Nikki Haley, the GOP gubernatorial nominee in South Carolina, also gives Palin tremendous credit, “Gov. Palin is great because she is a national figure that has gone out and taught people the power of their voice. What we saw while creeping up in the polls was that she absolutely gave us a boost when we needed it.”
Palin Has Been Controversial
The former Governor has made endorsements in primaries where every candidate was a right winger, but the “Constitutional conservatives” she backed are controversial and could be defeated in a general election. The GOP Senate candidates in this category are Rand Paul (KY), Joe Miller (AK) and Clint Didier (WA). Sharron Angle (R-NV) was endorsed by the Tea Party Express, and is often referred as “The Sarah Palin of Nevada.”
While she is ahead of the Senate Majority Leader, Angle is still running 15% behind the GOP gubernatorial candidate. Many of these candidates are isolationists and protectionists.
They want America to pull out of the United Nations, and they are enthusiastically backed by libertarians. In thanking Palin for her support, Nikki Haley said “The truth is we had a movement in South Carolina. The movement was not about being Republican. It is about being conservative.”
Haley’s three primary opponents were in strong disagreement. They all proclaimed themselves to be solid conservatives, and unlike Haley, they had track records going back decades to prove it.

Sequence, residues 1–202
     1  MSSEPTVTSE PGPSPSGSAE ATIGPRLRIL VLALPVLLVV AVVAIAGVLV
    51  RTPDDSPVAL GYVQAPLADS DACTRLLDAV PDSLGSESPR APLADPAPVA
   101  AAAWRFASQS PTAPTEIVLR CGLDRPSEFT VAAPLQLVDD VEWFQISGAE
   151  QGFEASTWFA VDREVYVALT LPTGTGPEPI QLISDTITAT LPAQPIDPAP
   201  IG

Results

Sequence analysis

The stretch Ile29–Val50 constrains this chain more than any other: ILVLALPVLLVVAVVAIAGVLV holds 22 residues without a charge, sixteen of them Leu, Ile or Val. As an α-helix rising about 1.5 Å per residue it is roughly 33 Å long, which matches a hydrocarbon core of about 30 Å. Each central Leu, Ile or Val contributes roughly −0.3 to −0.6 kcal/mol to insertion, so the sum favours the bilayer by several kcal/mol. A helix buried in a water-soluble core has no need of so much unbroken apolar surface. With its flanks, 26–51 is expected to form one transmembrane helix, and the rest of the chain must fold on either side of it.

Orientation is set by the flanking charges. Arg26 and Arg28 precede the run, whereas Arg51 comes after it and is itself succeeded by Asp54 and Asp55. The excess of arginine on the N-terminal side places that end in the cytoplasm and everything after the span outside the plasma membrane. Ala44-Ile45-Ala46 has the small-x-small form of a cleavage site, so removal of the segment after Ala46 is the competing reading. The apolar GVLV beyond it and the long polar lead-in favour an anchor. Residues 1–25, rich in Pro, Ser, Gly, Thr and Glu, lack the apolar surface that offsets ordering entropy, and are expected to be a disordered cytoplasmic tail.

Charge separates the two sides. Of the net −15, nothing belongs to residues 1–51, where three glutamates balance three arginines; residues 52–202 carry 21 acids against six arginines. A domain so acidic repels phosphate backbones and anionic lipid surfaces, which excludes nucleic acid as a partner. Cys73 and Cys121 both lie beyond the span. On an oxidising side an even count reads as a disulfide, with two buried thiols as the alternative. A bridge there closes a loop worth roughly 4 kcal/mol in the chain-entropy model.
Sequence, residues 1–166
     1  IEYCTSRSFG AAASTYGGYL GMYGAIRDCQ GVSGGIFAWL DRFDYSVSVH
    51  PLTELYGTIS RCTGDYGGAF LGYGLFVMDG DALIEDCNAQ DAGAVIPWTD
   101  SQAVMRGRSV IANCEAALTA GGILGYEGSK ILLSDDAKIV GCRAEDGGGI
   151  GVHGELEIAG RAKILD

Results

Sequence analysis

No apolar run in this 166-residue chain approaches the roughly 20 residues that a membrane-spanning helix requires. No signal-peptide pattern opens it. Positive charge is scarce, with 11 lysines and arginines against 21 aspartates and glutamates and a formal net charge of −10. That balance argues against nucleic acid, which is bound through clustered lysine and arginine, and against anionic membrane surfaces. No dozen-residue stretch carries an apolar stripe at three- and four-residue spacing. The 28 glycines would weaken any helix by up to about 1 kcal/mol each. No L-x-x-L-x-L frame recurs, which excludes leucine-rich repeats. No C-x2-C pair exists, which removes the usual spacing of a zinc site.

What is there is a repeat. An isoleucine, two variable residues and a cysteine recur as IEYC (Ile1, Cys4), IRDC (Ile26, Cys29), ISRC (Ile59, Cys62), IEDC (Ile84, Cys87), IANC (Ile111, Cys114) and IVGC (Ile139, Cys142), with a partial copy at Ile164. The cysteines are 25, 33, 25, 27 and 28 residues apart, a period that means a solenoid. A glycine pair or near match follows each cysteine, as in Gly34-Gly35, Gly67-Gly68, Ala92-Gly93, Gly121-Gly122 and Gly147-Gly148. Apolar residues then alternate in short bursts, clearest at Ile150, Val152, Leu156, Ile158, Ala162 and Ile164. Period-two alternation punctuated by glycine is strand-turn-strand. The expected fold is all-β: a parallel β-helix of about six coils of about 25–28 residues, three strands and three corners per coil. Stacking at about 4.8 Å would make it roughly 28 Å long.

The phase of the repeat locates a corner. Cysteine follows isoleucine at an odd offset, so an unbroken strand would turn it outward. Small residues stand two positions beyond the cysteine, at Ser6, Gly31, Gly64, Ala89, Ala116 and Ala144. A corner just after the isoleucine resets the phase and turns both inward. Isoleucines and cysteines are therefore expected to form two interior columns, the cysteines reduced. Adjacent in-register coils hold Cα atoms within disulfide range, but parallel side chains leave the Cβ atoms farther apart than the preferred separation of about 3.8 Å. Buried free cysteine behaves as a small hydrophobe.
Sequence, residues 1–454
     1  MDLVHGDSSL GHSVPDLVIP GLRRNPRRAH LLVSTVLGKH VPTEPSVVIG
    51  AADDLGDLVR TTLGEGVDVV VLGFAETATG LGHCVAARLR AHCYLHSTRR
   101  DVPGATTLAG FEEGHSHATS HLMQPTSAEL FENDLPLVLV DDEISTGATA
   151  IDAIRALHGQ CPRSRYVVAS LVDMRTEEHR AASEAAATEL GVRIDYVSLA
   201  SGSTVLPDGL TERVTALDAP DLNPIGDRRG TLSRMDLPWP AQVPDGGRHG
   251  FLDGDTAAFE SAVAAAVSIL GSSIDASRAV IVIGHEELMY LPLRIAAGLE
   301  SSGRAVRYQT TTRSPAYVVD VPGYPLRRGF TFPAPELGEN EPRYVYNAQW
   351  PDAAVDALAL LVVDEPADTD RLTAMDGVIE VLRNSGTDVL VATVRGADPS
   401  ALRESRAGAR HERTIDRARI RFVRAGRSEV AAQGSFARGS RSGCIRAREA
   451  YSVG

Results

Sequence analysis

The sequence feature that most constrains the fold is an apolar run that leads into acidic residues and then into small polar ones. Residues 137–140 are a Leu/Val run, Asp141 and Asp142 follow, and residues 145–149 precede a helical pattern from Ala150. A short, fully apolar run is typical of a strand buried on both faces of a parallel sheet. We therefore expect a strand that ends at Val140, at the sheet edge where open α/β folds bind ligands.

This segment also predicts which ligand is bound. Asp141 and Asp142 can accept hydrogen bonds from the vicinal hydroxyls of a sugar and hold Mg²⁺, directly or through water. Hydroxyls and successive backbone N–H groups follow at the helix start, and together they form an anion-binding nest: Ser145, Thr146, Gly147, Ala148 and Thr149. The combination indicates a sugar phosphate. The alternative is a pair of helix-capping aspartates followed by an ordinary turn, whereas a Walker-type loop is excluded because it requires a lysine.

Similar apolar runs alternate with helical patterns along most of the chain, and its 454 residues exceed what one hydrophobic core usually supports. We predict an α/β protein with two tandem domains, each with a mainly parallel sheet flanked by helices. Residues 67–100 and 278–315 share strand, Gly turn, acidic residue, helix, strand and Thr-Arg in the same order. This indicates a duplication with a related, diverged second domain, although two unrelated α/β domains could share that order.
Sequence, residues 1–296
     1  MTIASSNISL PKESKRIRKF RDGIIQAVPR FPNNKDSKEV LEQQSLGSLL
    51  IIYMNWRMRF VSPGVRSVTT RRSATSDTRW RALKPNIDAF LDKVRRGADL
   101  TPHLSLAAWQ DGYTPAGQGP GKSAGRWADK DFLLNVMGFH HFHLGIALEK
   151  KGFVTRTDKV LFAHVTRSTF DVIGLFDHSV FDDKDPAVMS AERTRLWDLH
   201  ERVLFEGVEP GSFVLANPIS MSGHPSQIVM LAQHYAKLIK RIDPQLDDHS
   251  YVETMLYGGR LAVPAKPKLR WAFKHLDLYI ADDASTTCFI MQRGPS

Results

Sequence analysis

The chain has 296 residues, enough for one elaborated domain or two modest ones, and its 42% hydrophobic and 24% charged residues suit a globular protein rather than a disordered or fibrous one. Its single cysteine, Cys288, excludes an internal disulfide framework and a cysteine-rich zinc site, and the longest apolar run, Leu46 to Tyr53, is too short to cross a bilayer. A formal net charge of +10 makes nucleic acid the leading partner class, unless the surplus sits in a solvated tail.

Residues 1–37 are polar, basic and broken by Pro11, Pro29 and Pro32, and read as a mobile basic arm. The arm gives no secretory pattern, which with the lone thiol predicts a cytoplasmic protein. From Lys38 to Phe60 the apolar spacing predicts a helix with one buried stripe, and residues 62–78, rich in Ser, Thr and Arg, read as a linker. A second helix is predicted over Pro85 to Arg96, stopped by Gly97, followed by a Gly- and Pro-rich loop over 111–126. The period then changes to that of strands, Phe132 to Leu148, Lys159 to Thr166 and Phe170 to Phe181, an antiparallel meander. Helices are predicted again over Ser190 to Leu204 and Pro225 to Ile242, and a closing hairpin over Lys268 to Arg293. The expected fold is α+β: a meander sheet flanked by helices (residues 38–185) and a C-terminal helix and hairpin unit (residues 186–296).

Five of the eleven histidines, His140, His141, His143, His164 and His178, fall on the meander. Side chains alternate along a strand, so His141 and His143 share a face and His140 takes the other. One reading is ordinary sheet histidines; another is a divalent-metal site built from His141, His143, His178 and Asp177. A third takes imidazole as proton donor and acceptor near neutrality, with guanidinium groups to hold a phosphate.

We will not know until after the November election if Palin has had a positive or negative impact on the 2010 campaign. She has increased her stature with many tea party members and advocates of “Constitutional conservatism”, but at the same time she has angered many of her most stalwart supporters from the 2008 campaign.
The Backlash: Sarah Palin Angers Her Core Supporters by Stacy Slaybaugh Arena
I no longer support Sarah Palin. My new group is not an attempt to bash the former Governor. I hope it will lead to a serious discussion of “‘The Palin Factor” in state races, and how her endorsements are leading to a decline in GOP prospects this November.
Palin needs to understand that “With great power comes great responsibility.” She has been inserting herself into a wide variety of state races. Her core supporters do not understand her vetting process. They also do not understand why she has been endorsing and promoting candidates which are in clear opposition to the conservative cause.
Many conservatives see Palin’s actions as arrogant and disrespectful to voters of states she is visiting. She cannot know each states unique issues, and most importantly, she doesn’t have to live with the consequences of her actions.